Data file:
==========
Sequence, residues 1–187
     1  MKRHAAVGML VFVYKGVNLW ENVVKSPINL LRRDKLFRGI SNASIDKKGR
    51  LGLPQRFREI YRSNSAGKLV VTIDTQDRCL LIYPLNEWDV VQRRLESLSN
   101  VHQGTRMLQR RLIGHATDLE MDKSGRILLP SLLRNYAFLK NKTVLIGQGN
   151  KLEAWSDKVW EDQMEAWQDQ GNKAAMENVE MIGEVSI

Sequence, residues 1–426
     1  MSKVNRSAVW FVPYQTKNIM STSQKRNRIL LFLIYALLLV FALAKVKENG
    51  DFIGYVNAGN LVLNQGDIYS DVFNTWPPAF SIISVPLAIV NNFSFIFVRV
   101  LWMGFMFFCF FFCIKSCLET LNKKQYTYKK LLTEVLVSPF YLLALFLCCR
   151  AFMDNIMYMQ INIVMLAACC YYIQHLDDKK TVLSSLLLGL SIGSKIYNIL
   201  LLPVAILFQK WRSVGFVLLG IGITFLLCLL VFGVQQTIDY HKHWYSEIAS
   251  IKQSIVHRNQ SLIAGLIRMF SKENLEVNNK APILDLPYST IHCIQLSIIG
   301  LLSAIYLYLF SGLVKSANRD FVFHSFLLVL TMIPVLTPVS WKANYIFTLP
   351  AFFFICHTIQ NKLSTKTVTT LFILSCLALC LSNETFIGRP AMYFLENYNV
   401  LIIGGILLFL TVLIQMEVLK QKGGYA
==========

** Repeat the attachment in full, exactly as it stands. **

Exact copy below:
Sequence, residues 1–187
     1  MKRHAAVGML VFVYKGVNLW ENVVKSPINL LRRDKLFRGI SNASIDKKGR
    51  LGLPQRFREI YRSNSAGKLV VTIDTQDRCL LIYPLNEWDV VQRRLESLSN
   101  VHQGTRMLQR RLIGHATDLE MDKSGRILLP SLLRNYAFLK NKTVLIGQGN
   151  KLEAWSDKVW EDQMEAWQDQ GNKAAMENVE MIGEVSI

Sequence, residues 1–426
     1  MSKVNRSAVW FVPYQTKNIM STSQKRNRIL LFLIYALLLV FALAKVKENG
    51  DFIGYVNAGN LVLNQGDIYS DVFNTWPPAF SIISVPLAIV NNFSFIFVRV
   101  LWMGFMFFCF FFCIKSCLET LNKKQYTYKK LLTEVLVSPF YLLALFLCCR
   151  AFMDNIMYMQ INIVMLAACC YYIQHLDDKK TVLSSLLLGL SIGSKIYNIL
   201  LLPVAILFQK WRSVGFVLLG IGITFLLCLL VFGVQQTIDY HKHWYSEIAS
   251  IKQSIVHRNQ SLIAGLIRMF SKENLEVNNK APILDLPYST IHCIQLSIIG
   301  LLSAIYLYLF SGLVKSANRD FVFHSFLLVL TMIPVLTPVS WKANYIFTLP
   351  AFFFICHTIQ NKLSTKTVTT LFILSCLALC LSNETFIGRP AMYFLENYNV
   401  LIIGGILLFL TVLIQMEVLK QKGGYA